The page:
This is not news. The fact that ecstasy is part of an illegal and therefore unregulated market has left users exposed to this problem for years. What has suddenly made it news in New Zealand is the fact that since the banning of BZP a year ago, the problem has become much more marked. Previously, users had a legal, semi-regulated alternative. Adulterated pills certainly existed, but the ability to walk away from them put users in a much stronger position, in that producers who wanted return custom would have to have a reasonable quality product.
Now, it’s much easier to put a variety of different substances into a pill than it is to illegally import MDMA, and the vast majority of pills available on the market today are adulterated with other things. The problem here is that there is no longer an alternative, and people are now dealing solely with this unregulated market. Anyone who thinks the banning of BZP has stopped people seeking substances is delusional. As predicted, it’s simply created a situation where there’s a demand for a scarce substance, all of the advantages are in favour of the supplier, and people are taking what they can get from people for whom there is absolutely no comeback for supplying goods that are ‘not as advertised.’
So what can be done about this situation?
Well, if this were a legal market, the government would step in under the Consumer Guarantees Act, or would regulate the market in the interest of safety. But this is not a legal market, the majority of people think that drugs are bad and therefore anyone who gets hurt obviously deserves it, and the government is afraid of taking steps to make people safer when breaking the law, because it will mean they are seen as ‘encouraging’ drug use. So the government will do squat to ensure the safety of users.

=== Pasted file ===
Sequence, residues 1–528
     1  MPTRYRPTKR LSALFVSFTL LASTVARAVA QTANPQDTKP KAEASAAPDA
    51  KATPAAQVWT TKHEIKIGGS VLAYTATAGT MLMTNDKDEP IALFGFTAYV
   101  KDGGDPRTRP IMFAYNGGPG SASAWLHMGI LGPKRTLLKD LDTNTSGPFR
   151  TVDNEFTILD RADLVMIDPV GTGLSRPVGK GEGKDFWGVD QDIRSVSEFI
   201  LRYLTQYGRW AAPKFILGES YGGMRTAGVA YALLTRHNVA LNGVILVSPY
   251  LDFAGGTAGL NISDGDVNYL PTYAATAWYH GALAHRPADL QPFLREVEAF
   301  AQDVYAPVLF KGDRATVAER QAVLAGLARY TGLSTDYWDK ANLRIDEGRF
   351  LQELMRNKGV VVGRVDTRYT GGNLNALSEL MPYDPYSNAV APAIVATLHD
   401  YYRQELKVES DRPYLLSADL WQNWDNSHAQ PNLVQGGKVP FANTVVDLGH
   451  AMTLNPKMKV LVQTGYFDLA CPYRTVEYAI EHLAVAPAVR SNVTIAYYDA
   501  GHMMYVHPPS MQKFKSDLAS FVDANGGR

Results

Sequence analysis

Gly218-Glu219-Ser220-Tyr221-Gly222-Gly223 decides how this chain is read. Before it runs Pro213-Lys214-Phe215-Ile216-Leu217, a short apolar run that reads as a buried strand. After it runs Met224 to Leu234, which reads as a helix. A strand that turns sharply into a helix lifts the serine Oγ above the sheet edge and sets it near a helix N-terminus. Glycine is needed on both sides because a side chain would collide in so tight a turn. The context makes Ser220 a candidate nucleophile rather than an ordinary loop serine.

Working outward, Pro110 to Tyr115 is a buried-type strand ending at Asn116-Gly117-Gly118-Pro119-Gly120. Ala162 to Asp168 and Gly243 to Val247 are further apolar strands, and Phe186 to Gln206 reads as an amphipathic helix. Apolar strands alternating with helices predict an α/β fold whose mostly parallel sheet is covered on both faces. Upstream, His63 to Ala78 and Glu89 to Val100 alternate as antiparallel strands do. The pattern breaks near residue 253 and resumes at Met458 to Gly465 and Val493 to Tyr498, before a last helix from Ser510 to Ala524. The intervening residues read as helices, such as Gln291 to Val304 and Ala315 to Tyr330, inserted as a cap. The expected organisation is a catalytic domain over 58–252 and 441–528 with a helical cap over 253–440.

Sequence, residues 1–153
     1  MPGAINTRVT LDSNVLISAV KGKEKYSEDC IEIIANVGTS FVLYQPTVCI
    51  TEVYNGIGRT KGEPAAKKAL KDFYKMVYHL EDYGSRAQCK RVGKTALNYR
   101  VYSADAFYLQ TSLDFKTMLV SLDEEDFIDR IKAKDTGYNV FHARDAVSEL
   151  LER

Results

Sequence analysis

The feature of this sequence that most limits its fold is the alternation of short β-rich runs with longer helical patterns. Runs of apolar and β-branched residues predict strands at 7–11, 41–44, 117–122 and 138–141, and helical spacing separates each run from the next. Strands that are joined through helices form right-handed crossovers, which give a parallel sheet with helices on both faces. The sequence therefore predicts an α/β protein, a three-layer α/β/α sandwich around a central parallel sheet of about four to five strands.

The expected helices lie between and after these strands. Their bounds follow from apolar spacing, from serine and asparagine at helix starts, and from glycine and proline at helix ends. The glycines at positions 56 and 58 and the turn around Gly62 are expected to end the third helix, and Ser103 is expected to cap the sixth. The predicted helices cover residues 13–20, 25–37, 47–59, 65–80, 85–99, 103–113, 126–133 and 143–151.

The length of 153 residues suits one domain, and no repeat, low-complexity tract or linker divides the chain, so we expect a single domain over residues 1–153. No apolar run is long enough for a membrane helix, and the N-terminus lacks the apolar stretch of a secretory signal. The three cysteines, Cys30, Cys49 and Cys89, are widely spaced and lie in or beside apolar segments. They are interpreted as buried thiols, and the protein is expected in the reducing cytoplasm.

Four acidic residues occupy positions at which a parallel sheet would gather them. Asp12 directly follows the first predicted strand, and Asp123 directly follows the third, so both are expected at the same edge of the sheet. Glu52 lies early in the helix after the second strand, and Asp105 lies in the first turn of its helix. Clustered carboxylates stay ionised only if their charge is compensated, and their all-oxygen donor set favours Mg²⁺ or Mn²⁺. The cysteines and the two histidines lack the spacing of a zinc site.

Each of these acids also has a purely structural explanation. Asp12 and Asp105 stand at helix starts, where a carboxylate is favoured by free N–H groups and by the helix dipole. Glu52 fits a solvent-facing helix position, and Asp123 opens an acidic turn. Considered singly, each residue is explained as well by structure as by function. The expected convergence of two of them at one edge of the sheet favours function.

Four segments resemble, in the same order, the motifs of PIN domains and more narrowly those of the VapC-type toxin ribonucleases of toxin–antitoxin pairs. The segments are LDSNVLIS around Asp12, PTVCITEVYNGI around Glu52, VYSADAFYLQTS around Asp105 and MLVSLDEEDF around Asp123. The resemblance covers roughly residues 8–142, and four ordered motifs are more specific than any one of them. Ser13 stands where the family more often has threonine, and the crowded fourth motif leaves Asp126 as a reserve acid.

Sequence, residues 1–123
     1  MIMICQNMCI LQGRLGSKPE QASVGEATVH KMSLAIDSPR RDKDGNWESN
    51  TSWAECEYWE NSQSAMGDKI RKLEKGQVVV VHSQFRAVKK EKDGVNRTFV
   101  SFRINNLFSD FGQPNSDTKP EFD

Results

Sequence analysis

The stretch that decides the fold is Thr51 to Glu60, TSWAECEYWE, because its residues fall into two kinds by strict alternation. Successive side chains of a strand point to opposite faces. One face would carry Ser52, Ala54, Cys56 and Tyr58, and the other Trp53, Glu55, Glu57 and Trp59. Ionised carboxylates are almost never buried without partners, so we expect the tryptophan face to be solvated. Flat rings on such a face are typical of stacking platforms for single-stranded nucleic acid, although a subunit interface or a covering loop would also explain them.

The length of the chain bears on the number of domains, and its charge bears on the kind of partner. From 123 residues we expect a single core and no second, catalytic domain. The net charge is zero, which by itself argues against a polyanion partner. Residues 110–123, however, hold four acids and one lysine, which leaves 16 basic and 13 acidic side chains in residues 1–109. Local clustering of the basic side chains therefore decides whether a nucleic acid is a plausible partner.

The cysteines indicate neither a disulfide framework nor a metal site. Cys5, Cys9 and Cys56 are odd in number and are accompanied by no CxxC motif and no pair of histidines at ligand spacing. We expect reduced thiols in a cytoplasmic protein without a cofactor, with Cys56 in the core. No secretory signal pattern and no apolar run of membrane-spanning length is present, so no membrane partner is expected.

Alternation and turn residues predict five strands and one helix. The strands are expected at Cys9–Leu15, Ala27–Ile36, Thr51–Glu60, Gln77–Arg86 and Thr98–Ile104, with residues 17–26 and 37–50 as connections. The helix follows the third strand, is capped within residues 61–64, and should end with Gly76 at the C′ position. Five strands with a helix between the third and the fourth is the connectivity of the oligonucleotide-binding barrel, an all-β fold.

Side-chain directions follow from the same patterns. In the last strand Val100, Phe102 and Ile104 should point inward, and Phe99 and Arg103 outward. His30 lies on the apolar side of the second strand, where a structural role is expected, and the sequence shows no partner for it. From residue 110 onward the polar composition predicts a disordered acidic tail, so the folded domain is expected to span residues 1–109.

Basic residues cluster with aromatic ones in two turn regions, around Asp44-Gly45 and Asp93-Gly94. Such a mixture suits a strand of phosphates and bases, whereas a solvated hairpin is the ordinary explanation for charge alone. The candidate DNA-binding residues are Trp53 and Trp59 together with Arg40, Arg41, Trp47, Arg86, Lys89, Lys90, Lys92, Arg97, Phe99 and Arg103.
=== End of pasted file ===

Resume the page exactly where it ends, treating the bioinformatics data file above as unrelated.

That leaves it up to the users to ensure their own safety as much as they can. This is no mean task. How does one know, when purchasing a substance, that its contents are the relatively safe MDMA, and not Ajax (as stated in the article), some other chemical such as BZP or 2CB, or even Panadol?
Well, according to this report from the European Monitoring Centre for Drugs and Drug Addiction, there are three useful ways of checking the contents, and therefore the safety, of pills sold as ecstasy: pill reports, colour reagent testing, and chromatography. All of these are available in New Zealand, although chromatography is not as available as it seems to be in Europe (see the section of the report relating to ’15 minute’ chromatography tests at dance parties). Chromatography is still a lab-based test, which takes time and is therefore not particularly useful to a user who wants to know what’s in their pill before they take it.
So that leaves us with pill reports and reagent testing. Pill reports are definitely useful in terms of informing people of ‘bad’ pills, but an inherent problem with pill reports has arisen in the last year – duplicate batches. A type of pill can be reported as ‘good’, and sometimes these pills have even been chromatography tested to contain MDMA – and immediately the colour and stamp of the pill is copied as someone cashes in on the reputation of the ‘good’ pills. The user has no way of knowing from the reports which type they have, and therefore can’t use reports as a definitive guide as to the safety of their substance.